Smith & Wesson Gun Sales Soar as Obama Announces Gun Rules

Inside Pres. Obama's Speech on Gun Control
  • Gunmaker increases quarterly sales forecast by 16 percent
  • President announces executive actions to expand federal checks

Smith & Wesson Holding Corp. rose to its highest value ever after raising its forecast for gun sales as President Barack Obama announced new restrictions on arms sales.

The maker of handguns said revenue for the quarter ending Jan. 31 may be as high as $180 million, a 16 percent increase from its forecast given in December. Gun sales surged last month as discussion of weapons restrictions heated up after a terrorist shooting in San Bernardino, California, left 14 dead. 

Concern over more gun regulation isn’t the only thing driving sales. People also are buying weapons for personal safety after two shooters opened fire at an employee holiday gathering last month at a San Bernardino public health facility, said Chris Krueger, an analyst with Lake Street Capital Markets LLC. The last large increase in demand occurred after the Sandy Hook Elementary School shooting in Newtown, Connecticut, in which 20 children and six adults were killed.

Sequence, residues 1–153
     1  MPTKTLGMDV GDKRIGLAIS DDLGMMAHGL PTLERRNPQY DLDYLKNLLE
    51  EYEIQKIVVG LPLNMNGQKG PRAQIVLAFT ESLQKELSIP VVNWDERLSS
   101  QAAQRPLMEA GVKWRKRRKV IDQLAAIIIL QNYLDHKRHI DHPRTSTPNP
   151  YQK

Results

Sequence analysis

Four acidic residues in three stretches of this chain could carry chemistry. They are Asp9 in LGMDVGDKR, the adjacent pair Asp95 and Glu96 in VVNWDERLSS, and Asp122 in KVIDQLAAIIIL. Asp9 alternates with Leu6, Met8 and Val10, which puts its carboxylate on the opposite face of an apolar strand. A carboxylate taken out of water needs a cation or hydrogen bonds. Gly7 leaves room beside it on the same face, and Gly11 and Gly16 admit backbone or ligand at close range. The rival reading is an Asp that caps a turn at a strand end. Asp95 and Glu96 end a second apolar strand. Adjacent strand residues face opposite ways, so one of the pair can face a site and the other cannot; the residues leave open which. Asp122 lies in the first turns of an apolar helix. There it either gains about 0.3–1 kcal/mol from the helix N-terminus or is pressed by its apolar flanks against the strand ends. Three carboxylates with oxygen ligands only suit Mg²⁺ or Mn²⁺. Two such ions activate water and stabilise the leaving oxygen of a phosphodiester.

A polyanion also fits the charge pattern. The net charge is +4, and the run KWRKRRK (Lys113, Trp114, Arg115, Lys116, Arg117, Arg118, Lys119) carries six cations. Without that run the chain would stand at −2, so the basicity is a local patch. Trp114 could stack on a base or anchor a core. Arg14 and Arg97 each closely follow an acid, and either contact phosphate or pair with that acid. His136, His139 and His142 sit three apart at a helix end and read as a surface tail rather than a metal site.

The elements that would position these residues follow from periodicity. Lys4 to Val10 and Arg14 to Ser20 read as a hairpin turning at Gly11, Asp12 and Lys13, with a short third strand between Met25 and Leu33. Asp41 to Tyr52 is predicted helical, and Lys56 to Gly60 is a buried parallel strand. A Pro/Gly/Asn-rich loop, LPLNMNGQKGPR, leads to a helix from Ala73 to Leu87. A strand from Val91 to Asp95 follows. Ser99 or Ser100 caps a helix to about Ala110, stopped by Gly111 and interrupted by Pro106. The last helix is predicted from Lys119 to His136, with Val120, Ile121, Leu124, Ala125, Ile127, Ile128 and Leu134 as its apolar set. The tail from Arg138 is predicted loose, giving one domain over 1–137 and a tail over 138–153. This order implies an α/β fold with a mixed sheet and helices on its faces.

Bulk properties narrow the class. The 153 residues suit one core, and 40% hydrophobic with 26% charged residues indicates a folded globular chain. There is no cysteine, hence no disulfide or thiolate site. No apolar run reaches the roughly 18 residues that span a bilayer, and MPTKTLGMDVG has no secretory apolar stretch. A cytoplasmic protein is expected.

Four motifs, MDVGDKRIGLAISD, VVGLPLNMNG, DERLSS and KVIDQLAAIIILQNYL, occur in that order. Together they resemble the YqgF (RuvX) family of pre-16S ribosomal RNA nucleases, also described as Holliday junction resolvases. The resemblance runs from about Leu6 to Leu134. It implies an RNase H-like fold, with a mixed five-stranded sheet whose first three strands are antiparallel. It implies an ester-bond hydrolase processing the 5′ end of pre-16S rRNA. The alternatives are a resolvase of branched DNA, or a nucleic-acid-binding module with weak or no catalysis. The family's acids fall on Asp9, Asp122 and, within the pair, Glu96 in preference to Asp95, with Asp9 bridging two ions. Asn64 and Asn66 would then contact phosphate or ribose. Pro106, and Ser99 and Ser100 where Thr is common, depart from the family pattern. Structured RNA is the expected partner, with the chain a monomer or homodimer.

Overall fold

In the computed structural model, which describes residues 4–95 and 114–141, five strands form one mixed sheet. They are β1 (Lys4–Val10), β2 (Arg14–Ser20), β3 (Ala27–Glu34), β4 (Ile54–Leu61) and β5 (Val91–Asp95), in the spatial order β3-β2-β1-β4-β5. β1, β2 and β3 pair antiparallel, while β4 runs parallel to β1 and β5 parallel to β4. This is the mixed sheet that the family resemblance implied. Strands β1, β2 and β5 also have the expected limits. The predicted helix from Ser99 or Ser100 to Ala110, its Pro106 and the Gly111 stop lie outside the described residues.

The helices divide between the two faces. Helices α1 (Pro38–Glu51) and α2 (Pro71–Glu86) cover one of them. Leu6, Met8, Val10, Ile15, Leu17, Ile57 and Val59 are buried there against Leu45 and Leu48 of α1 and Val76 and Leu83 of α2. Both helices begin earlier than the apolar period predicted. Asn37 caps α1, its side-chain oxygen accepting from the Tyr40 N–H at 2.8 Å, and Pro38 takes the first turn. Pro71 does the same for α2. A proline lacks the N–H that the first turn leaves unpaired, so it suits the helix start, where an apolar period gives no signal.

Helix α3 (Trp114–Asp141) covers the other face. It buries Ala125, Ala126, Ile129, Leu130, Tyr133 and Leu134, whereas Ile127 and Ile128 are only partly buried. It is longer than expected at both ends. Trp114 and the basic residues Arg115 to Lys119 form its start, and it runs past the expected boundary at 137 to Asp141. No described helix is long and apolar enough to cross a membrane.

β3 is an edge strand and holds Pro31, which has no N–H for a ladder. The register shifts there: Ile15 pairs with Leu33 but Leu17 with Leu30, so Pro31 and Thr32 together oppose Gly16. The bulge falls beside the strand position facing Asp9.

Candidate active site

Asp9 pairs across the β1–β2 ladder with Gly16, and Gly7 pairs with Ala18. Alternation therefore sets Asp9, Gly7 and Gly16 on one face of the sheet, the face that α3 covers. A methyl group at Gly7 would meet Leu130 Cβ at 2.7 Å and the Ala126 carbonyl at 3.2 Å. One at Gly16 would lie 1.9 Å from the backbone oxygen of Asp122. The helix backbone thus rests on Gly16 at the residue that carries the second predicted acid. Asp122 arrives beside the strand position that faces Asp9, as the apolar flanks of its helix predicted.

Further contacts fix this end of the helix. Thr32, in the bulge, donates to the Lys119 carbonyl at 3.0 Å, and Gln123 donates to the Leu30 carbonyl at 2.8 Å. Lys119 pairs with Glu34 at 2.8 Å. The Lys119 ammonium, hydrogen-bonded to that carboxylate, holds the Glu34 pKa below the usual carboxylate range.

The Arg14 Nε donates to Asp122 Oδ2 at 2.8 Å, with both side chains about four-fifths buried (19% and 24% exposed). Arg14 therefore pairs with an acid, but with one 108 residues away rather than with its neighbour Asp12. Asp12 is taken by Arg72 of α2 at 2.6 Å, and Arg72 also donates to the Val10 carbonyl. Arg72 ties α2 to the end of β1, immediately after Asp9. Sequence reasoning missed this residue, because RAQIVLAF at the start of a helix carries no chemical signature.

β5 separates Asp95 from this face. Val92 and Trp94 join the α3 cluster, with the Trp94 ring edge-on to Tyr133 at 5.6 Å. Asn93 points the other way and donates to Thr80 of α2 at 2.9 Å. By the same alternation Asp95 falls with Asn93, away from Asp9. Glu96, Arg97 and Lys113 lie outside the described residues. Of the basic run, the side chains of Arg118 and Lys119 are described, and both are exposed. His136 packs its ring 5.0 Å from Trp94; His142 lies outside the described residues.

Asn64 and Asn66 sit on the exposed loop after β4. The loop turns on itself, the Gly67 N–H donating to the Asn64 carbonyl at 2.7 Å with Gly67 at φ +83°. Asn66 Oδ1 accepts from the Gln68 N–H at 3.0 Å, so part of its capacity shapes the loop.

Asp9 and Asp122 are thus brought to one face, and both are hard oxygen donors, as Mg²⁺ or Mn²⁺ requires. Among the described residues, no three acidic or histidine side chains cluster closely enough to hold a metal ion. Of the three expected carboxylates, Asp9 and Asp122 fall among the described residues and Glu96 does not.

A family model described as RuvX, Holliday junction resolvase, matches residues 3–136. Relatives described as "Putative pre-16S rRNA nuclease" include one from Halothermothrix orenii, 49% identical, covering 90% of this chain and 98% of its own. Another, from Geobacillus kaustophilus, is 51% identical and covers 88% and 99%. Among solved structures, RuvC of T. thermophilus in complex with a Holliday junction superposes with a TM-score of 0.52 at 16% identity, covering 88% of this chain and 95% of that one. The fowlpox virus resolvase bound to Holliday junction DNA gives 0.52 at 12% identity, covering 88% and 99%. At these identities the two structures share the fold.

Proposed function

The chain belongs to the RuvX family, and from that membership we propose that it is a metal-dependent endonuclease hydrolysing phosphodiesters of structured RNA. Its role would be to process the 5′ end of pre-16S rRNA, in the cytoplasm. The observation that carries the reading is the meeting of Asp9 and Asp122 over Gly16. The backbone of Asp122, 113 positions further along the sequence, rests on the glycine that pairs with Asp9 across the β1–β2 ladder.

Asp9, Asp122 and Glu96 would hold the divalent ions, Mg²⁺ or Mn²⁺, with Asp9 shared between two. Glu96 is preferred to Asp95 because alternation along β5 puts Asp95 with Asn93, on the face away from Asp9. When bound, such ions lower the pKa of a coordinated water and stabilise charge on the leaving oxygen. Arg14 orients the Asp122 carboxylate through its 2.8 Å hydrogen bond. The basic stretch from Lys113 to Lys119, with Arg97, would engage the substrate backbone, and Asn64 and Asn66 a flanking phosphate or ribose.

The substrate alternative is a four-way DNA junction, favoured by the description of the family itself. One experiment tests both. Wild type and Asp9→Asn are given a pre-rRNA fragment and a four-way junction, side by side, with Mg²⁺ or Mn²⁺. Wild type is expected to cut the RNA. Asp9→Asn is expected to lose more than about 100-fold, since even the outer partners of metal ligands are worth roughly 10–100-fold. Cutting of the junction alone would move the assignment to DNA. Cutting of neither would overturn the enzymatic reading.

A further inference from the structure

“Three years ago after Newtown, it was primarily the gun-control factor,” Krueger said. “This time it’s a combination of personal protection and gun control.”

Smith & Wesson rose 11 percent to $25.86 at the close in New York, the highest value since the shares began trading in February 1999. Sturm Ruger Co., the largest U.S. gunmaker, climbed 6.8 percent to $65.54.

Higher Sales

Sales at distributors has been stronger than originally anticipated, resulting in reduced inventories, Smith & Wesson said in a statement on Monday after the market closed.

In December, adjusted background checks showed a 38 percent increase from a year earlier, Krueger said. FBI background checks are the best proxy for gun sales because there are about 200 manufacturers, most of whom are closely held.

Obama unveiled executive actions that will extend background checks, including tougher rules for purchases at gun shows and on the Internet.

The expanded checks likely won’t affect the average gun buyer who purchases a weapon at a store, Krueger said. The concern that such measures are only a first step to more regulation, coupled with heightened gun-control discussion during an election year, probably will drive sales higher throughout 2016, he said.

“The political environment at times has helped sales,” Krueger said.

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